Google Translate will never outsmart the human mind – and this is why

As someone who is paid to teach students to translate literary texts, I tell them, if you want to be a good translator, don’t translate – you have to live it

Andy Martin
Thursday 22 February 2018 19:51 GMT
You read a sentence. But – and this is the point that Google tends to miss – those squiggles on the page actually represent something other than words, they are not reducible to mere information, ones and zeroes
You read a sentence. But – and this is the point that Google tends to miss – those squiggles on the page actually represent something other than words, they are not reducible to mere information, ones and zeroes

I guess I should never have signed up to be a simultaneous translator (or interpreter) – in both directions – at an EU-sponsored conference. The silver lining of Brexit is that I will probably never be called on again to translate not just a rapid-fire French speaker with a penchant for hazy abstraction into passable English, but also shortly afterwards (and this is where I came a cropper) to render the gist of an account of musical culture in Northern Ireland for the benefit of the French-only speakers in the audience. I thought I had done rather well to turn “fife and drum band” into “orchestre populaire”, except that the Belfast man then proceeded to explore the nuts and bolts of the drum side of the equation, which was awkward given that I had temporarily forgotten the French for “drum”. I stumbled around for a while, stuck on “tampon”, until some dusty circuit in my brain finally lit up and I was able to refer to the art of the “tambour”. This was a few years back and I can’t help thinking – if only I had had my phone to hand with Google Translate online I could have saved myself a nasty moment. On the other hand, I probably wouldn’t have received the ironic round of applause. It was simultaneous translating, but with built-in jet-lag.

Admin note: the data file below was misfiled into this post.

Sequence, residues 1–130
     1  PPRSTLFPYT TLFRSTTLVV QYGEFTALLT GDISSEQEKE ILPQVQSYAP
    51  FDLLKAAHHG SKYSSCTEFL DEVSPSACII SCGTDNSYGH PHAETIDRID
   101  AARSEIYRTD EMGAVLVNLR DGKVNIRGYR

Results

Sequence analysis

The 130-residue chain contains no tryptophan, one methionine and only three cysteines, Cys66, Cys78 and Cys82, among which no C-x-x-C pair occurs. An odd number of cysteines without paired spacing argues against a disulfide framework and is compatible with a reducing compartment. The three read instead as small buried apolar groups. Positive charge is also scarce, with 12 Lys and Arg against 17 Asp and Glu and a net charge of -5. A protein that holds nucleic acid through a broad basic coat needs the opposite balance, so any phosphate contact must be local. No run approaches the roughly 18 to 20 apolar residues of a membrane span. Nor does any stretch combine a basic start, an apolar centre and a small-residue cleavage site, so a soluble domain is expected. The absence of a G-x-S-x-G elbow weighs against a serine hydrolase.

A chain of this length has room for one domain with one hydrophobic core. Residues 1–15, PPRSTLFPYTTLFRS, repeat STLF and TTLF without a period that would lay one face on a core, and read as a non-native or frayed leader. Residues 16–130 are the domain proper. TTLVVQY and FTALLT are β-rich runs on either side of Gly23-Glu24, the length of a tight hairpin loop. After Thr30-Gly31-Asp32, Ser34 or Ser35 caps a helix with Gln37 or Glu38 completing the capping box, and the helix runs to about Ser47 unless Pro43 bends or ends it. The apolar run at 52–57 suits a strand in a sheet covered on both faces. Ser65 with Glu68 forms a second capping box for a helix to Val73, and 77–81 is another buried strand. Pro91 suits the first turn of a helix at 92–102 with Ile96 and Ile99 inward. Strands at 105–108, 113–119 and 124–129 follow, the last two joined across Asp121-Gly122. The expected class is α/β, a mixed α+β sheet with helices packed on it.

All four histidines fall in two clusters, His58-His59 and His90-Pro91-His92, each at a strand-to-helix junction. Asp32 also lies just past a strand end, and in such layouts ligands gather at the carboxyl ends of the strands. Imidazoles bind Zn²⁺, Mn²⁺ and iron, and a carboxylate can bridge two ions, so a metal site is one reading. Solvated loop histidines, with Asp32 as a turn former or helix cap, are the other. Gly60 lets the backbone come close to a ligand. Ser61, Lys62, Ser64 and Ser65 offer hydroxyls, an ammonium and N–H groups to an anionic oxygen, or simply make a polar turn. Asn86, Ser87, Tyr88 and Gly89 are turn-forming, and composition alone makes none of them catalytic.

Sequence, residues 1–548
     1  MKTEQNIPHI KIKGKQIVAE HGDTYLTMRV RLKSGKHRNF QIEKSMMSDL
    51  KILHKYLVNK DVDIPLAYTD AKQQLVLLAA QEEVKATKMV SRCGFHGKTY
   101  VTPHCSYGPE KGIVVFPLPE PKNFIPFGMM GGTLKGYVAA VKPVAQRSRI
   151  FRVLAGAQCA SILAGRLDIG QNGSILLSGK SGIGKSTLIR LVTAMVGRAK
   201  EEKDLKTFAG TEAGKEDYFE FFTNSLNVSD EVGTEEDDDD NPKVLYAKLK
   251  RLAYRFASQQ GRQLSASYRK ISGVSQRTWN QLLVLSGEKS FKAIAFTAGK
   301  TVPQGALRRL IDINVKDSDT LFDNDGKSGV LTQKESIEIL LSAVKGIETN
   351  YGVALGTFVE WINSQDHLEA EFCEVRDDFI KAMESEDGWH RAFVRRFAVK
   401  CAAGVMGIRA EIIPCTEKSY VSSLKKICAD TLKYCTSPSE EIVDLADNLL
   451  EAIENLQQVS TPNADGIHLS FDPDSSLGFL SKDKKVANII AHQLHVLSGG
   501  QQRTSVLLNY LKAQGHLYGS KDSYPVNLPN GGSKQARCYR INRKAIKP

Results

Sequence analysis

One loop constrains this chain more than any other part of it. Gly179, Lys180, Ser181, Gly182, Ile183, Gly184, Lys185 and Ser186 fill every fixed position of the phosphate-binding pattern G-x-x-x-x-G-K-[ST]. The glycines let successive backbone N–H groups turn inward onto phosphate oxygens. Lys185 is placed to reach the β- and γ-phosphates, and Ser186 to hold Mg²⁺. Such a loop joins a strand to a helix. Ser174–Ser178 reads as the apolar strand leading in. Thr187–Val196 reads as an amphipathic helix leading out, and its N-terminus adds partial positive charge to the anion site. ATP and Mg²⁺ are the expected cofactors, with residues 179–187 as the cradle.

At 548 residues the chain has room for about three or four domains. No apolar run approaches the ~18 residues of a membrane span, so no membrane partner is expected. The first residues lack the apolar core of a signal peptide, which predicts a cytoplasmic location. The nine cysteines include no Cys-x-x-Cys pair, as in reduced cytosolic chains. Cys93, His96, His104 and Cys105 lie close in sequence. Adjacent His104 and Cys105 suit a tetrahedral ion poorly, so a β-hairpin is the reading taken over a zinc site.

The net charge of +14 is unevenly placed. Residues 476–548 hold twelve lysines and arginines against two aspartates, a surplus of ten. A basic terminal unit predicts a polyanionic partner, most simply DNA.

In terms of human fallibility, the only thing that tops that is the time I was asked, one lunchtime, to produce a prose translation of an ancient French carol for a well-known college choir. I turned the job around as requested – fait accompli – only to hear a schoolboy howler being broadcast to a billion or so listeners a short while later. I was reminded of these (and other fiascos) while reading the many fascinating takes, alternately poignant and hilarious, on the pleasures and perils of “the superhuman task of translation” – as Primo Levi calls it – in Crossing Borders, a new collection of stories and essays published by Seven Stories Press in New York.

Every now and then I am reminded in the latest online hype (probably sponsored by Google, now I come think of it) about how wonderful – so “deep” in the jargon – Google Translate has become, that I think that I might as well give up teaching translation to anyone and move over and just let the machines do it. They won’t forget “tambour”. And they can’t do much worse with that carol either. In these moments, it seems to me that merely human translators, like waiters in a Yo! Sushi bar, are probably doomed. Pay them off (you don’t have to pay them that much anyway) and tell them to go and do something useful with their lives.